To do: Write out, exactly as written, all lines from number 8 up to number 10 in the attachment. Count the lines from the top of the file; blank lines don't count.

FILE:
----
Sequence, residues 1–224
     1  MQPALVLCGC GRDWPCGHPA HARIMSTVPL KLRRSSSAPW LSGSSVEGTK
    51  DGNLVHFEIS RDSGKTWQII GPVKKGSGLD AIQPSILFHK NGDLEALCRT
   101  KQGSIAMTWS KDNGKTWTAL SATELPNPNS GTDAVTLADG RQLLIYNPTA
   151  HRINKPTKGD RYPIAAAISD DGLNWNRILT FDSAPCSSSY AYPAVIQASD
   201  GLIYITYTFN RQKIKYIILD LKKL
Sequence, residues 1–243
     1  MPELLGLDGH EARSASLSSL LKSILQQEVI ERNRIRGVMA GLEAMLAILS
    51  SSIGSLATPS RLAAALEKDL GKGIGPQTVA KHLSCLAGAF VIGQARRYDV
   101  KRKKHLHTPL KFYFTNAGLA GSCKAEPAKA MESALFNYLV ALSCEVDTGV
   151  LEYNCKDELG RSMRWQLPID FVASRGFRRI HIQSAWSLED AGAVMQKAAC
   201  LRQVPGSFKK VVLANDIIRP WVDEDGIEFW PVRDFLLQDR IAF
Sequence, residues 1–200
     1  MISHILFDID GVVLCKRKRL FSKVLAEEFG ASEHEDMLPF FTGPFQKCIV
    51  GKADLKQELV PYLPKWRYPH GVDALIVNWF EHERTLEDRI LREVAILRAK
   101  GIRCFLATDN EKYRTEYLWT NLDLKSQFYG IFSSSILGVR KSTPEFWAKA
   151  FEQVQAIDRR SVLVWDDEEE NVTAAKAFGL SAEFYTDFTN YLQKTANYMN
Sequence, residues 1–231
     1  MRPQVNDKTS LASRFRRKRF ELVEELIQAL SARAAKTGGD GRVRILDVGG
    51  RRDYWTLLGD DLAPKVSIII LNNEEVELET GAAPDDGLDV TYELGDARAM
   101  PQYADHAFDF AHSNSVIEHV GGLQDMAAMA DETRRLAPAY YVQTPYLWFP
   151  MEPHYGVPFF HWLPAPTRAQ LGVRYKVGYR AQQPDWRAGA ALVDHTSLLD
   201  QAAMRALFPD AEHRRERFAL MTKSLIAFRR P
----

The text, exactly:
     1  MPELLGLDGH EARSASLSSL LKSILQQEVI ERNRIRGVMA GLEAMLAILS
    51  SSIGSLATPS RLAAALEKDL GKGIGPQTVA KHLSCLAGAF VIGQARRYDV
   101  KRKKHLHTPL KFYFTNAGLA GSCKAEPAKA MESALFNYLV ALSCEVDTGV